How To Use The Education Tax Credit To Put Green Technology On School Buildings.

Real World Examples of how Solar STEM can be applied in the classroom.

 
Crowd funding donations under the Education Tax Credit bill could make the following a reality while lowering school utility bills and preventing tons of carbon from entering the air.

 

Solar Lesson Plans –

An educational lesson could involve going to the site and seeing the solar system, but there are also many ways to educate students without visiting the site in person. Without requiring a trip to the solar energy system, students could investigate how solar works, how much energy it generates, how it benefits the environment,  how to design engineering plans, and how it is mounted to the building.

There are many different courses that could utilize system specification sheets, system design/schematics, actual electricity output data, and system flow diagrams. Mock roofs are common for professional solar installer training courses. They can easily be created to teach solar installation and wiring to students.

Courses such as Chemistry, Physics, Mathematics, Engineering,, and Computer Programing and Software can all utilize an onsite solar energy system safely for classroom education. Some examples include:

Chemistry:

PV cells operate because of the flow of electrons. PV modules are made of different elements to take advantage of their varying abilities to release electrons. The heat transfer of fluids in solar thermal relates to chemistry.

Physics:

The flow of electricity is a physical phenomenon. Different systems will operate at different voltages and amperages. They also have to meet different frequencies depending on the local electric grid to which they are connected.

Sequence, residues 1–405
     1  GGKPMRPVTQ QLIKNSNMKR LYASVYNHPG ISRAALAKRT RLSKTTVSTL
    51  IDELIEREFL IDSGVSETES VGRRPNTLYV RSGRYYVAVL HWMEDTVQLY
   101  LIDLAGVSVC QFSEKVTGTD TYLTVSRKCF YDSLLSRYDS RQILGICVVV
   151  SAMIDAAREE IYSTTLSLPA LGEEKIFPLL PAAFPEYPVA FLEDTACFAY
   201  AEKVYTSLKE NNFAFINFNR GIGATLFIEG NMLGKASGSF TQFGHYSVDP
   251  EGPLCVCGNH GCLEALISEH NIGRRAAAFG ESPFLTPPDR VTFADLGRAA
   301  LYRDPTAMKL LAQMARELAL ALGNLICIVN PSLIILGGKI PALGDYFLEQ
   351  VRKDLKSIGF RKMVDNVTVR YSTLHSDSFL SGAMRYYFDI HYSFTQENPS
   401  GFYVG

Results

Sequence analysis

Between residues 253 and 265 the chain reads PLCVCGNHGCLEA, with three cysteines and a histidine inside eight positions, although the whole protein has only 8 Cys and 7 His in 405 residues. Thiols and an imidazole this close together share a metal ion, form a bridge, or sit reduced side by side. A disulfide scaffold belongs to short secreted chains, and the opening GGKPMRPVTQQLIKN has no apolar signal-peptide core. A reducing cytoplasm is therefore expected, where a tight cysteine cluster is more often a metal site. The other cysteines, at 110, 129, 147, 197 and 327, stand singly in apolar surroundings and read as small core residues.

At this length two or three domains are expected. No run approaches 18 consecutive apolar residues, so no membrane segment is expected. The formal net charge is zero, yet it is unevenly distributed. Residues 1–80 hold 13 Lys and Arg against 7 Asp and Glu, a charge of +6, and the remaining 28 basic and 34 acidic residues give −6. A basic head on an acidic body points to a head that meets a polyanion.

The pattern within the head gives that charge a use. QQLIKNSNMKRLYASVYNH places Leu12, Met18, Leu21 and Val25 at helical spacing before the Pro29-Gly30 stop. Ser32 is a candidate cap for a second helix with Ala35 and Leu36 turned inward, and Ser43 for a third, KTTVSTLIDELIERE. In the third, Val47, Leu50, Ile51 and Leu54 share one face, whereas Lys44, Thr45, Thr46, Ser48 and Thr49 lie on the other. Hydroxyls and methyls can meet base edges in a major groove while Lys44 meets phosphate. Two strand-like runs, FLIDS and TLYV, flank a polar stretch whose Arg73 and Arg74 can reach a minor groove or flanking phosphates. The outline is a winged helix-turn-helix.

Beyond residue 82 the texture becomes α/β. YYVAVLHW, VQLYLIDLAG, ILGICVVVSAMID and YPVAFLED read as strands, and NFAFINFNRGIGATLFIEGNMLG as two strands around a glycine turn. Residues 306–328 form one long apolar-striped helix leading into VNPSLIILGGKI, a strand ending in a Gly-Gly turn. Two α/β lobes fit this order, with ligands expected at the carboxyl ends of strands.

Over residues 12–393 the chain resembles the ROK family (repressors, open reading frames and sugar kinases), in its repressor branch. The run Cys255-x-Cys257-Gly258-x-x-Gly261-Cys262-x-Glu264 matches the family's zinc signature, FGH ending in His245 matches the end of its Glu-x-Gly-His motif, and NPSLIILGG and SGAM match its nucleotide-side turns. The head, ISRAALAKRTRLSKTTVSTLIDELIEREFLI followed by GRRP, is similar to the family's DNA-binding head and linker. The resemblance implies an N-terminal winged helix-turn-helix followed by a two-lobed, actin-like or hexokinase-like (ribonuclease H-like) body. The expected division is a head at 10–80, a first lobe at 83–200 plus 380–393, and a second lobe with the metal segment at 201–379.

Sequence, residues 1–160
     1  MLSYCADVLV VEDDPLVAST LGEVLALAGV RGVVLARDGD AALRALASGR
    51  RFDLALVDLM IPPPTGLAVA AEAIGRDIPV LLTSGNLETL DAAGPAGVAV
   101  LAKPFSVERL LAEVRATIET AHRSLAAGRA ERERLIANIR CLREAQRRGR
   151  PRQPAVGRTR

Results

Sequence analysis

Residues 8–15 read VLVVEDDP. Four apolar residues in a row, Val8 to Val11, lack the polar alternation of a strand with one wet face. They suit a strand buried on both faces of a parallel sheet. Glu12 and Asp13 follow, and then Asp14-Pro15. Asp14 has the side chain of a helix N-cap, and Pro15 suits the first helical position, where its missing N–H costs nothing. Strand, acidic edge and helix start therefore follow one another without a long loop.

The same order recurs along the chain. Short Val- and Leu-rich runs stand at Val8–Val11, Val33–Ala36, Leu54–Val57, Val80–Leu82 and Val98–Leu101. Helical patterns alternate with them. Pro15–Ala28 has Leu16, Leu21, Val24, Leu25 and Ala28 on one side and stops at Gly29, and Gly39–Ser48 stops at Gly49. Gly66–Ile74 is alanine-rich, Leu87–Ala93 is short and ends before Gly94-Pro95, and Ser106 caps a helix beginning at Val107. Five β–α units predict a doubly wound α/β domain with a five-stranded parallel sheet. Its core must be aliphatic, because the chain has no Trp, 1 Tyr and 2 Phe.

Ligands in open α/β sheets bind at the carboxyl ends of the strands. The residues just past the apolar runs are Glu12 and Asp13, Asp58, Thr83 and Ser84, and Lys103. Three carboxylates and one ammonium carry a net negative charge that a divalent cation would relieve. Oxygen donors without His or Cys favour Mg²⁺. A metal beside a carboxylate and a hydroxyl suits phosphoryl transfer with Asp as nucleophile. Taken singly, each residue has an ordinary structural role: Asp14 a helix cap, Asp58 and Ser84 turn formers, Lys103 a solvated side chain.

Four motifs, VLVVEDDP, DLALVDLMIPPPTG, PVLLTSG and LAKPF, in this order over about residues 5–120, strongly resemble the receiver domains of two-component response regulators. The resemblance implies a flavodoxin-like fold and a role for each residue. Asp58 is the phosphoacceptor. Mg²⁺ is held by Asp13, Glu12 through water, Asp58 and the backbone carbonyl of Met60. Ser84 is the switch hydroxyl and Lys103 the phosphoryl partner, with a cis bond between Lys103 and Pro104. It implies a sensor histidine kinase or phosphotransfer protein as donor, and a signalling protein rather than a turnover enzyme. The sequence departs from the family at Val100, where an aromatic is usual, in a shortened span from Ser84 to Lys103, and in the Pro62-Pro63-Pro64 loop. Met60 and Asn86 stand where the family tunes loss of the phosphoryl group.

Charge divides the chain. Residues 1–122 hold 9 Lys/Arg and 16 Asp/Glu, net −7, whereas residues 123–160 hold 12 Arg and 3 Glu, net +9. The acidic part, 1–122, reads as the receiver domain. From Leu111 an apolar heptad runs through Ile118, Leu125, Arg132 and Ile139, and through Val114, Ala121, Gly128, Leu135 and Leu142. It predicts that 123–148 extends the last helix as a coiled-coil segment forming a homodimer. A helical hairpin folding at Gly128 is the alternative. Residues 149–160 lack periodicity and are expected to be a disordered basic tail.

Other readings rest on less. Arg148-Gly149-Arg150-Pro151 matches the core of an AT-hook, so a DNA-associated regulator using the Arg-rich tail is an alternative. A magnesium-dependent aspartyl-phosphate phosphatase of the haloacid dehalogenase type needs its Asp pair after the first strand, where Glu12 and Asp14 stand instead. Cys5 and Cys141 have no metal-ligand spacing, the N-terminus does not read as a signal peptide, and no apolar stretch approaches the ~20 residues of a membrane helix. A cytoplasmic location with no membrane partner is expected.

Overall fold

Mathematics:

The design of a solar system involves a great deal of mathematics. Some of the necessary equations can be considered discipline specific. These specific equations will be addressed in the General Engineering section, but they could easily be integrated into many basic mathematics classes as real-world examples.

Geometry:

When designing a solar system, the path of the sun and the local latitude of the system are all considered to determine the optimum module angle or tilt above the horizon, while also placing the modules in such a position that they do not shade each other in a given space.

General Engineering:

All engineering disciplines require specific calculations for solar system components, and each discipline is required to develop system schematics for the system design.

Mechanical Engineering:

Determining loads on the roof resulting from solar system installation, and selecting materials for module manufacturing and mounting materials.

Electrical Engineering:

Determining wire sizes, voltages, amperage, predicted wire losses, and outputs. System designs require single or three line electrical diagrams for building department and utility approval.

Engineering and Architecture:

Structural loads on mounting systems, ground penetration considerations, ground bearing loads, and wind loads.

Computer Programing/Software:

Programing from AC/DC inverter to system display panel that shows electrical output of system, voltage, frequency, and amperage regulation, as well as overall system performance. System designs can be completed in AutoCad, Google SketchUp, and other computer design programs

 

This page was derived from portions of NYC Guide To Solar On Existing Buildings
 
 

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